Patricia Fennell

From MEpedia, a crowd-sourced encyclopedia of ME and CFS science and history
Jump to: navigation, search
Source:Amazon

Patricia A. Fennell, MSW, LCSW-R, is the Founder and President of Albany Health Management Associates, Inc., a multidisciplinary organization focusing on the global health care effects of chronic illness and trauma.[1] She created the Four-Phase Model (FFPM)™ for understanding and treating chronic conditions. She, also, co-created the Fennell Scale or Fennell Phase Inventory used with patients who have myalgic encephalomyelitis/chronic fatigue syndrome (ME/CFS) and other chronic illnesses.

Education[edit | edit source]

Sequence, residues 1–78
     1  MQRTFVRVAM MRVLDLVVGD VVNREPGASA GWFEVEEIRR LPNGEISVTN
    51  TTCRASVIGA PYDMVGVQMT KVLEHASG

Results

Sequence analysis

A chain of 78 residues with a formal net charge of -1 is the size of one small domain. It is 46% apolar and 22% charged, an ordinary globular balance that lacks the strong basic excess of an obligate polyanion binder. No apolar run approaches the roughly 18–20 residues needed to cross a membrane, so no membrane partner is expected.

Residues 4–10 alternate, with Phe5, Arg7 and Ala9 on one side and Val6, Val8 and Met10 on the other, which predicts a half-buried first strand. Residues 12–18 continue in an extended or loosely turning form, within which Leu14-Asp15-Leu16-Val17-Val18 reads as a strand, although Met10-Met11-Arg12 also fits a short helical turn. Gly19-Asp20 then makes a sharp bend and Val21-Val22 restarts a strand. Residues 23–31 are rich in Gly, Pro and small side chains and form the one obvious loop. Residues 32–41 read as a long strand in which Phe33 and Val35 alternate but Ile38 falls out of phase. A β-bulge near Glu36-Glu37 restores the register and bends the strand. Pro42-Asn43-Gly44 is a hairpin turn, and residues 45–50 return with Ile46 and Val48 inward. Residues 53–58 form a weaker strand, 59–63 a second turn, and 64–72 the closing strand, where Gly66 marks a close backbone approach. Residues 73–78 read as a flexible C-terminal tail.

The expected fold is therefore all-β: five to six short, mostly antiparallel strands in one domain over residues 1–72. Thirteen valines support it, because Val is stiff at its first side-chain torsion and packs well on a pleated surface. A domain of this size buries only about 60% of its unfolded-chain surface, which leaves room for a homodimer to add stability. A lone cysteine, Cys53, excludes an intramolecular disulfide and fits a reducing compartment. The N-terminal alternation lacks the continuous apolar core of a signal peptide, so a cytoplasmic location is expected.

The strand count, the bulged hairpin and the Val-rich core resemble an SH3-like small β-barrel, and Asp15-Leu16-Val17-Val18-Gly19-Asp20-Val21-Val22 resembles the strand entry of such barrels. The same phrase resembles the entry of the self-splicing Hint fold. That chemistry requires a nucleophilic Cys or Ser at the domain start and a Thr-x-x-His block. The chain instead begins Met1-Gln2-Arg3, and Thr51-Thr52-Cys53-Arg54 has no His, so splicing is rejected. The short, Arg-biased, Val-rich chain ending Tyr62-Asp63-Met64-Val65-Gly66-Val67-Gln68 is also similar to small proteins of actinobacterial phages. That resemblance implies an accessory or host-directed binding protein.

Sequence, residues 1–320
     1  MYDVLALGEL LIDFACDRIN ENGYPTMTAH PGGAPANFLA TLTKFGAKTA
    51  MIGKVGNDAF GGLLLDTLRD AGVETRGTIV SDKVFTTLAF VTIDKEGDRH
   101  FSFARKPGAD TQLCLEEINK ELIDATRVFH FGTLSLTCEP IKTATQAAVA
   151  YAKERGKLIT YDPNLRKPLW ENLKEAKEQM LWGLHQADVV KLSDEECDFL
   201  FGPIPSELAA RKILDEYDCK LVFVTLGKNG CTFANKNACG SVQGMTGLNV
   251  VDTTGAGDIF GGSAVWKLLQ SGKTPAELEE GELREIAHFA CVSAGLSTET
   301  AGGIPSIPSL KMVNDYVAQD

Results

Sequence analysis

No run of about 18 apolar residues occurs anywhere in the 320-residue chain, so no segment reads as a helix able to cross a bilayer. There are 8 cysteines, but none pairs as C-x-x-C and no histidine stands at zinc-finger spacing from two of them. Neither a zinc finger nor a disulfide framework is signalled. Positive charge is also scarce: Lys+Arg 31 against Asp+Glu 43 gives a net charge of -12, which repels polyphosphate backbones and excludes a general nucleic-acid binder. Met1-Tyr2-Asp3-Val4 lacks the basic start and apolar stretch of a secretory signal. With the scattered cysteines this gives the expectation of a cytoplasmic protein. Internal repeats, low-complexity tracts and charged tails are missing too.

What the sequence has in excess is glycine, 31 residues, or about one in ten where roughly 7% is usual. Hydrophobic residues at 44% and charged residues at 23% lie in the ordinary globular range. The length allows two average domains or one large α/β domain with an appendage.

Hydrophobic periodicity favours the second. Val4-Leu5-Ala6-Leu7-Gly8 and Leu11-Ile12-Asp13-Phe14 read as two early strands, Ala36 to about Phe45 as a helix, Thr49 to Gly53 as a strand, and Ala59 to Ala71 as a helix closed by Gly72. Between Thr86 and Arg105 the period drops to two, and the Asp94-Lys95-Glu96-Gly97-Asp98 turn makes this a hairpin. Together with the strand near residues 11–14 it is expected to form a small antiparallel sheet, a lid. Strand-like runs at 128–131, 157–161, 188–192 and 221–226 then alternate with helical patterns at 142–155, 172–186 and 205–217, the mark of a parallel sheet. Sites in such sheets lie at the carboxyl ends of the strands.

(As per Curriculum Vitae[2])

  • 1979-1980, Completion of first year of Doctoral studies, State University of New York at Albany - Graduate School of Sociology, Special areas of interest: Theoretical Approaches to the Societal Development of Deviance, Research Methods
  • 1979, Bachelor of Arts, College of St. Rose, Albany, New York Major: Sociology Minor: Business Administration
  • 1984, Master’s Degree in Social Work, State University of New York at Albany - School of Social Welfare, Concentration: Direct (Clinical) Practice Special Area of interest and activity: Practice and Research in Aging

Notable studies[edit | edit source]

  • 1993, A systematic, four-stage progressive model for mapping the CFIDS experience.[3]
  • 1995, The four progressive stages of the CFS experience: A coping tool for patients[4]
  • 1995, CFS sociocultural influences and trauma: Clinical considerations[5]
  • 1998, Capturing the different phases of the CFS illness[6]
  • 1999, Measuring phases of recovery in patients with CFS.[7]
  • 1999, An investigation of the different phases of the CFS illness[8](Abstract)
  • 2000, An empirical verification of the Fennell phases of the CFS illness[9](Abstract)